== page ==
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Keyboarding Is an Essential Part of Curriculum
By: Art Willer

The more complicated the world becomes, the more our students need Readin’, ‘Ritin’ and ‘Rithmetic.

There is one additional basic students have to have: keyboarding. I call keyboarding the fourth R because it ranks alongside the other Rs in necessity and usefulness.

When a young friend was attending school, he voluntarily elected to take keyboarding. Despite being a gifted student, some teachers figured he was just trying to get an easy A. Why would he ever need this menial skill?

This young man saw the value of keyboarding to his immediate studies and to his future. Today, he drives a $200K car, lives in a $1.5M house and is the CTO for one of the fastest-growing web software producers in the world.

Getting a university degree, getting hired, and handing our typing to a secretary is an operational model that expired about 30 year ago. Today, we do our own typing or get out of the way for others who can. Keyboarding is a communication skill required by almost every job today.

Keyboarding is essential to school, too. In a time when teaching keyboarding in elementary schools was prohibited, a creative computer teacher taught it regardless. Her sins came to light when her students advanced to middle school. They ripped through the middle school curriculum so fast that the teachers had to create a special stream just for kids who could type. The school board lifted the ban so other students would have the same advantage.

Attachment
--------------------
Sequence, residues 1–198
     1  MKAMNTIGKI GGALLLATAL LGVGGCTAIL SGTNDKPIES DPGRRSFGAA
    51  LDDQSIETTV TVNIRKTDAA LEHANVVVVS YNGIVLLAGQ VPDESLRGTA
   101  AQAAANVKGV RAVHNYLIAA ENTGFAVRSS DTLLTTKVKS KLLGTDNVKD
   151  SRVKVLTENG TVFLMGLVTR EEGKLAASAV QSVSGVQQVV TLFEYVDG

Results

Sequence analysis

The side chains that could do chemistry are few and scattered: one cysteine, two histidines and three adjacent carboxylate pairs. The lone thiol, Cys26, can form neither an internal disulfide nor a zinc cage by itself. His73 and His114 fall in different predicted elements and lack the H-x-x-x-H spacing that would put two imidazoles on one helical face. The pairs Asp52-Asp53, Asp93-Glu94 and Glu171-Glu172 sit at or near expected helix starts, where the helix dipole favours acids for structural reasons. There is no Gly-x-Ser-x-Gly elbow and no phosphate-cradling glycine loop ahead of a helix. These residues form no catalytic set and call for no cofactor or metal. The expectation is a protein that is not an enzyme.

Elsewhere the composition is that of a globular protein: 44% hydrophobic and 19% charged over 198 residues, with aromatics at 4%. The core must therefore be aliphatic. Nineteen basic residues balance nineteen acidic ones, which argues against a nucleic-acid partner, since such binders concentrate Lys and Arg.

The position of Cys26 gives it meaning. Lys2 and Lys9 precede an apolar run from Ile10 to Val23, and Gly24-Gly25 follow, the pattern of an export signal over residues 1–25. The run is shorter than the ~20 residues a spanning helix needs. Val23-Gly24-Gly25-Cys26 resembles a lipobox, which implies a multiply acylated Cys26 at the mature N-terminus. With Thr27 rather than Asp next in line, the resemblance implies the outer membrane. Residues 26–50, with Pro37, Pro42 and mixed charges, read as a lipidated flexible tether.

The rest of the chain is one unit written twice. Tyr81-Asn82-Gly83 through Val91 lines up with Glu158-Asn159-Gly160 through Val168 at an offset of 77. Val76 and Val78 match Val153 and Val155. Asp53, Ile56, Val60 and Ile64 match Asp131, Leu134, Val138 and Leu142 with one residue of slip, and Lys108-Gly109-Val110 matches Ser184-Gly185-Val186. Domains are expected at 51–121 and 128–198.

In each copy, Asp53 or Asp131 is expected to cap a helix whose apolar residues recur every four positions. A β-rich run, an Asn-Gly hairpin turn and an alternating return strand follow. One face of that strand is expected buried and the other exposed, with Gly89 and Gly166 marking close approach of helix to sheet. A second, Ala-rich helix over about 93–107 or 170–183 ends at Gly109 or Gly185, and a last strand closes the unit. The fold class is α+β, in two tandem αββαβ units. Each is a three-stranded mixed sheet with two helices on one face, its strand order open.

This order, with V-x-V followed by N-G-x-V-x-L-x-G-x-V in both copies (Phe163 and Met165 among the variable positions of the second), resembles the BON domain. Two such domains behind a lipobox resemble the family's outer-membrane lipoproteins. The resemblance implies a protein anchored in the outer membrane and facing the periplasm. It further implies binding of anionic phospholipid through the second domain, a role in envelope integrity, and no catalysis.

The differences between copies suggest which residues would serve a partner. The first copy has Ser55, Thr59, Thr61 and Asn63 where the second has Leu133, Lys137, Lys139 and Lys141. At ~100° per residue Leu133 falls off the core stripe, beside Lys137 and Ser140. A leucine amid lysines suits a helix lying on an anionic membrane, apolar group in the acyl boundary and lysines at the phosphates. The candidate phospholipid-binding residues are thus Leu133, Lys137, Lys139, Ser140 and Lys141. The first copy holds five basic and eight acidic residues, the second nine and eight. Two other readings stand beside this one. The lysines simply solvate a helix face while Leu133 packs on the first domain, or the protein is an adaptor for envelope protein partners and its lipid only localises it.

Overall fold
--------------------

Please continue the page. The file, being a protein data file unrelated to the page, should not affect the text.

Keyboarding skill is essential to GED qualification because states are initiating online writing tests. While the testing approach is recent, the need for keyboarding is not. For two decades, students who type well have used computers more, written more, got higher grades, and graduated with ease. The same good fortune has followed them to the workplace.

It is fair to ask whether keyboarding skill might soon be a thing of the past. The answer is no.

For 30 years, keyboard use has grown exponentially. With the advent of mobile computing, people with keyboarding skill have more readily adapted. People who want to be more productive with mobile devices get keyboards to go with them.

Contrary to the futurists who describe keyboards as archaic symbols of the past, keyboards have proven to be one of the most enduring tools ever invented right up there with the hammer and saw.

Keyboarding skill has endured long enough to earn top respect as a basic skill requirement. Let’s not let any student go home without it.

Art Willer is the founding president of Bytes of Learning Incorporated, www.bytesoflearning.com.

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